There are a few things worthy of note with respect to the way in which TV has transformed into a tool for watching the watcher. First, this process has not been forced upon a population who had no option but to be watched. A small amount of knowledge about the ways in which the tools are watching us can allow us to shut off the surveillance. None of these tools, including TV, makes the data collection process a “required” activity to use the tool in its basic and rudimentary way. One can certainly watch television shows broadcast “over the air” without connecting the TV to the Internet. In a similar way, it is possible to use the Alexa speaker as only a portable speaker connected to a smartphone that has music stored in it. Indeed, even a smartphone can be used to make phone calls only without connecting it to the digital realm.

However, as these examples show, when a user chooses to not connect the TV to the Internet, or Alexa to its manufacturer, and the smartphone to a data plan, the user is sacrificing the ability to use the tools to their full potential. Additionally, the user is sacrificing access to the numerous programming options offered through these tools. There is, therefore, a constant tension between the inclination to maintain a sense of privacy while watching TV and retaining the convenience of the TV making suggestions about what would be interesting to watch. If TV is allowed to surveil, and it is connected with the other tools that surround the TV, then it will eventually be able to create an increasingly complete life story of the person who uses TV. This complete life story could become the way in which TV constructs a mediated reality for the person who is being watched. As discussed earlier, this reality can become progressively myopic and an echo chamber within which the person would reside while the Panopticon TV creates the comfortable media space for the person.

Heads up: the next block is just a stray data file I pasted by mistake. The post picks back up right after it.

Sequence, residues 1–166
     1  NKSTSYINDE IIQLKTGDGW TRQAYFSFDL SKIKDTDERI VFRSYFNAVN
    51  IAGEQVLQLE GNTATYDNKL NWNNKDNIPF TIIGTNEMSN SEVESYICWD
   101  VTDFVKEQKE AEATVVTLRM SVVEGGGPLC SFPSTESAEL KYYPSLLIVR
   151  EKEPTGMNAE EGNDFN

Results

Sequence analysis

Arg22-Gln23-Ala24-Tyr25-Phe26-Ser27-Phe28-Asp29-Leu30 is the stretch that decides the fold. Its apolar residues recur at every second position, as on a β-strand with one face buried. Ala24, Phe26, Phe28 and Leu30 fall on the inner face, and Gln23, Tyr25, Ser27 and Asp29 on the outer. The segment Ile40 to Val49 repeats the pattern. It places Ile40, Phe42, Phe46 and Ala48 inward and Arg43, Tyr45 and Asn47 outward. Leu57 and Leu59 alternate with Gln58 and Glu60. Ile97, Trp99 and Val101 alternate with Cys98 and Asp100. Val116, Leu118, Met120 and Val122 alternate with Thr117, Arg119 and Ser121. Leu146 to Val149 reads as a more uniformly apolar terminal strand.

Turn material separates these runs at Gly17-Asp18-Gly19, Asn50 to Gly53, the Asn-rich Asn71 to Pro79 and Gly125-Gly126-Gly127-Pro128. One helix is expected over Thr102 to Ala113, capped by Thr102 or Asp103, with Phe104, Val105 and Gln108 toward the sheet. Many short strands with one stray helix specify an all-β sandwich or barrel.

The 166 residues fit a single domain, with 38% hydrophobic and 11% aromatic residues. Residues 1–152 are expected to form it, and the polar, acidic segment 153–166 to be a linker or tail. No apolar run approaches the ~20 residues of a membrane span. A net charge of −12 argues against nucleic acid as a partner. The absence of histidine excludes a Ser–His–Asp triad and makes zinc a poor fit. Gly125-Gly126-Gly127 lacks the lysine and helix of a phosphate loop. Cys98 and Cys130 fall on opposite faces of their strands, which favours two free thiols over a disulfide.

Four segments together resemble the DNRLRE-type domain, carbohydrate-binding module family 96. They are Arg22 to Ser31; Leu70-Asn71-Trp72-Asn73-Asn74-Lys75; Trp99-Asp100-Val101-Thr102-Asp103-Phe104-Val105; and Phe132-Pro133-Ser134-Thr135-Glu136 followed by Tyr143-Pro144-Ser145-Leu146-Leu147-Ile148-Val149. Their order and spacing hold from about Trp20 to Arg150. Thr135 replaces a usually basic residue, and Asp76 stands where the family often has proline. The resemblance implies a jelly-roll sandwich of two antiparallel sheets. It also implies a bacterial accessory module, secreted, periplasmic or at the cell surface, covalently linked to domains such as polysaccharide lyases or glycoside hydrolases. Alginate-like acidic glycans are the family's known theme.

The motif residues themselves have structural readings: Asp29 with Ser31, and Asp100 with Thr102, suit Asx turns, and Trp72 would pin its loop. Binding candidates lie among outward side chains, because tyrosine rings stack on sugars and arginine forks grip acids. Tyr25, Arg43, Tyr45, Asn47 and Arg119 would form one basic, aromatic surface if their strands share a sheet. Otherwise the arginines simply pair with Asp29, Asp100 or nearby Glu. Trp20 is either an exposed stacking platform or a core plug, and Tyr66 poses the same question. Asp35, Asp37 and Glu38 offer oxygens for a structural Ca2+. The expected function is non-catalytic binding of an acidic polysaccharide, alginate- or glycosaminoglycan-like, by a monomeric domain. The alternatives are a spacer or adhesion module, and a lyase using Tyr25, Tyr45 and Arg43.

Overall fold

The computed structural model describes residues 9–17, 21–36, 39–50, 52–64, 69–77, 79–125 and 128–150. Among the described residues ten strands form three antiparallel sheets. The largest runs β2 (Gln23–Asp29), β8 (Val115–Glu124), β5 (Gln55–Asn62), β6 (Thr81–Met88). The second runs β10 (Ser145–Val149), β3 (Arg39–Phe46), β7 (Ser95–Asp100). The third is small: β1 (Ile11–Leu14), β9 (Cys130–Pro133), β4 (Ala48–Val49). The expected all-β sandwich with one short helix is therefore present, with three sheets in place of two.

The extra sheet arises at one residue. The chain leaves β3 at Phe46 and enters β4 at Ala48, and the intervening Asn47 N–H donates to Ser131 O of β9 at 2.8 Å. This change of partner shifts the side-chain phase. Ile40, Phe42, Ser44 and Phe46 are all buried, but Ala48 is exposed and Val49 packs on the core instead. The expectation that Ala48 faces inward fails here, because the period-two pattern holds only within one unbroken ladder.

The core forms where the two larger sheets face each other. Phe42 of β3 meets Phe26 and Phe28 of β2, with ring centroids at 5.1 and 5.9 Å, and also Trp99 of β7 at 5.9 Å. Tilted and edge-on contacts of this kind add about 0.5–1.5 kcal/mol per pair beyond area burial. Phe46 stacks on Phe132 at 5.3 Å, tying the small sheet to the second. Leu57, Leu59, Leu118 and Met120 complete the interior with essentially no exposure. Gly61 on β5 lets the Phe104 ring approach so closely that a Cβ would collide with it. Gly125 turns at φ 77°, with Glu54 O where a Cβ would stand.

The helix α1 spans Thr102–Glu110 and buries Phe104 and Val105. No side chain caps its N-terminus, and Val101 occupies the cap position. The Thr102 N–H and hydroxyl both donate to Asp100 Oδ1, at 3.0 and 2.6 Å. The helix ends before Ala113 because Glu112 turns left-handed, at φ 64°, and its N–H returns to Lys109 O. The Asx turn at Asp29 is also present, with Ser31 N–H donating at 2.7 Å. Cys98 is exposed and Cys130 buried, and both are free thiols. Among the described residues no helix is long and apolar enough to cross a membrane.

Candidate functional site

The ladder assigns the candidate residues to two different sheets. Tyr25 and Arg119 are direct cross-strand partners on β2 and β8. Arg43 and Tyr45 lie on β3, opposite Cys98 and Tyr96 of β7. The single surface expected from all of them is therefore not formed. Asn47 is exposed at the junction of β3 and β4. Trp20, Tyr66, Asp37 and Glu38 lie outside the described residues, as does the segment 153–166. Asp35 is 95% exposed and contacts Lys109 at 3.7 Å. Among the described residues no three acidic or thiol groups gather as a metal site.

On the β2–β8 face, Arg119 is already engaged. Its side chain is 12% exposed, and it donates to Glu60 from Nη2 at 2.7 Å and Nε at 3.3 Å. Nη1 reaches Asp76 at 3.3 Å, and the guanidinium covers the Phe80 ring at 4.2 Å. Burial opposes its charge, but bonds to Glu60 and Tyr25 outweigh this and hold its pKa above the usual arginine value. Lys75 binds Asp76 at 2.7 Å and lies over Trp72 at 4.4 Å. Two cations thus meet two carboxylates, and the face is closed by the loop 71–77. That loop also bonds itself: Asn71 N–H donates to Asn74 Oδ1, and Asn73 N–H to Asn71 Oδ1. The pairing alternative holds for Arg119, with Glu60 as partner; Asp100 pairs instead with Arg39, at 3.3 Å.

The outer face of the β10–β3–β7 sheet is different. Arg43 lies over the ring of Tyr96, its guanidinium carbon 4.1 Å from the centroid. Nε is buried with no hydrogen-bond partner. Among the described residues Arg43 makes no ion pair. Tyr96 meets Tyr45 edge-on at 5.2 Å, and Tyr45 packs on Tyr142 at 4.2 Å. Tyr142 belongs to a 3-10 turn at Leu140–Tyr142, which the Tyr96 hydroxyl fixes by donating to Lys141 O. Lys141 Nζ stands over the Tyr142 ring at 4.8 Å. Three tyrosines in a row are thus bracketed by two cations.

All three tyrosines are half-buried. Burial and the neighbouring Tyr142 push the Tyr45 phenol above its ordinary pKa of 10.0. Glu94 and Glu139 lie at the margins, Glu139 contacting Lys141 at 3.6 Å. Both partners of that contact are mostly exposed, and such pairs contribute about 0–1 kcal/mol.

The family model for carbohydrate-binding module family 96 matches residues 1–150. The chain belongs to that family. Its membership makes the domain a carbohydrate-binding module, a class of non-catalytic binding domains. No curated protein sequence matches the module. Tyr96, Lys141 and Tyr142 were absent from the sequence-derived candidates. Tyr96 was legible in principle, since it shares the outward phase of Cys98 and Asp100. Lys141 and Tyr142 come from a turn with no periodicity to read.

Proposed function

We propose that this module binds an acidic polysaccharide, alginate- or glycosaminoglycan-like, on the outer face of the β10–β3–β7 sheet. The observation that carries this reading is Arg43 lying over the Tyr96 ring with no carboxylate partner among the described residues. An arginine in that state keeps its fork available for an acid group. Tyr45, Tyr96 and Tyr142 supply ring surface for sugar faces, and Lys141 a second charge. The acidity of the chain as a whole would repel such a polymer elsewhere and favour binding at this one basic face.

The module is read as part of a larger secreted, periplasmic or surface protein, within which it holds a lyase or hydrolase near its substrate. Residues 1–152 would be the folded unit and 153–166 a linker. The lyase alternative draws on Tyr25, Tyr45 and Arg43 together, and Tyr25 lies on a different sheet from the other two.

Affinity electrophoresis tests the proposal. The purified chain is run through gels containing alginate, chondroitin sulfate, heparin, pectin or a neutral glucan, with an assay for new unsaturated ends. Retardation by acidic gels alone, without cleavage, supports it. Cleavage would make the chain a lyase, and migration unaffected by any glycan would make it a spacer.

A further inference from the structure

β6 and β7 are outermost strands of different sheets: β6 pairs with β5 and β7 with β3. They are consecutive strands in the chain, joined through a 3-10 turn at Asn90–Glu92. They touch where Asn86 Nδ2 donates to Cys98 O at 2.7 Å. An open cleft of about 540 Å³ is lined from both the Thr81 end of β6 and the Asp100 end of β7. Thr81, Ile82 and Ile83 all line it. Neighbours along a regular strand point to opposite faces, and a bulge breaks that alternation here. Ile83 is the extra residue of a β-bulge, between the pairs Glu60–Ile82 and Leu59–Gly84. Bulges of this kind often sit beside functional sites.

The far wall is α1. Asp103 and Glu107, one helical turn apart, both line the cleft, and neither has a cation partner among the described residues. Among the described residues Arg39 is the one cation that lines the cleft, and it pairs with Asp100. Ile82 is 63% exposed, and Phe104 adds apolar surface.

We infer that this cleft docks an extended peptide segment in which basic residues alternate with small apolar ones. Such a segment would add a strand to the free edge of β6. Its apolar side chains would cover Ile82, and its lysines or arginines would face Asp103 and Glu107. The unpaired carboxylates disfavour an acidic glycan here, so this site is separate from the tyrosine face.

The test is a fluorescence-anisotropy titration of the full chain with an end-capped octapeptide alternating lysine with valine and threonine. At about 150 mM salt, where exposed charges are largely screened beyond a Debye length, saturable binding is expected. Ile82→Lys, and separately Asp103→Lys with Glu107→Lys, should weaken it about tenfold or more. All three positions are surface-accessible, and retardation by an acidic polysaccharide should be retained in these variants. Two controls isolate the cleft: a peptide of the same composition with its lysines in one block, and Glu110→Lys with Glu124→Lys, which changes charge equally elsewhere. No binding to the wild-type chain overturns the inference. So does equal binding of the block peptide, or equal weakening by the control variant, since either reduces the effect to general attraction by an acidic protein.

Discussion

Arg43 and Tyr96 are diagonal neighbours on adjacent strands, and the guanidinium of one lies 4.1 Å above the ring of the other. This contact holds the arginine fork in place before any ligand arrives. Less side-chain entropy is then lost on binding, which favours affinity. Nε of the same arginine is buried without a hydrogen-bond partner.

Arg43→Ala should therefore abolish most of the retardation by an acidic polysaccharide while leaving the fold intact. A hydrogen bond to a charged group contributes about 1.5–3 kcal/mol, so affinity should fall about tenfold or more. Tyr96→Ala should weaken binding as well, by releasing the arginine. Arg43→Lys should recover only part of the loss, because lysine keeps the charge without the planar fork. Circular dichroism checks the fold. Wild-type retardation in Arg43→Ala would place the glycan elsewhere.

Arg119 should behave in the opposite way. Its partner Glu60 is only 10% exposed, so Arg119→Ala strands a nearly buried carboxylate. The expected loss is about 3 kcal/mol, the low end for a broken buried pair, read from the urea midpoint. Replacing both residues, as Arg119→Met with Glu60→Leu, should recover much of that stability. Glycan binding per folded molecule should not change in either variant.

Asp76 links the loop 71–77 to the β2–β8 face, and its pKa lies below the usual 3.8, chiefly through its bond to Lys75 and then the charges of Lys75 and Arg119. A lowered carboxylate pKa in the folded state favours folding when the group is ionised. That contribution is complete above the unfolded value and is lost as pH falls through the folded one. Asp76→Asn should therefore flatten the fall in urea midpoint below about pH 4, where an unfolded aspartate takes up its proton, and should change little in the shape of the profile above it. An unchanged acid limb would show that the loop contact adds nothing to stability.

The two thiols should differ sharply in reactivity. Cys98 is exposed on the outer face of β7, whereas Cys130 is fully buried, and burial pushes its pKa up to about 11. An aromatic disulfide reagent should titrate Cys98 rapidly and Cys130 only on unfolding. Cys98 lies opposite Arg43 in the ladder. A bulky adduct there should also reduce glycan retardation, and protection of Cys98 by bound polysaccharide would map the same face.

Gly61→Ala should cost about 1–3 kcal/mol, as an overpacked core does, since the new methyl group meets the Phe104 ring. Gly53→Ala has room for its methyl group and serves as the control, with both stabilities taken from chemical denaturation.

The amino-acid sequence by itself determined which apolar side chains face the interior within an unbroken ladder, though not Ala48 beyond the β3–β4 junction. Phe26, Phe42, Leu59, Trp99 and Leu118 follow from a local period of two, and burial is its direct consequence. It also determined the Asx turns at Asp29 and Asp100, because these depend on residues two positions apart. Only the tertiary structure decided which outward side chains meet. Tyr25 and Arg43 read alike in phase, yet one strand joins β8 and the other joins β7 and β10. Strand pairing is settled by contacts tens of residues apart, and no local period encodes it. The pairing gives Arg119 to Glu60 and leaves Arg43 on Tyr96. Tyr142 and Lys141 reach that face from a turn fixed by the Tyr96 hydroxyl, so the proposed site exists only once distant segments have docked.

This future is increasingly realistic since the function of TV as the bearer of the programs offered “over the air” or even through the cable system that became commonplace in the 1980s is quickly shifting. In many parts of the world, there is the increasing tendency to “cut the cord” and get rid of the cable delivery of programming. Cable companies are increasingly facing a threat where the centrality of program delivery by cable is being replaced by program delivery via the Internet. Numerous companies such as Amazon, Roku, and Apple are offering accessories that could be connected to the TV, and program would be delivered through the connection of the accessory to the Internet. Thus, a Roku “stick” can connect to the Internet, and the programs would be offered by Roku in collaboration with other content aggregators such as Sling, YouTube, and Hulu, to name a few. In some cases, a complete ecosystem is produced by a company like Amazon that would offer the accessory for TV, a household voice activated information retrieval system such as Alexa, and content through the vast store of content that Amazon owns. As the user is migrating to these options, the user is also required to share information through the conduit of the TV with all these different corporations that continue to watch the watcher. It is indeed a world of constant surveillance, whenever the TV is switched on.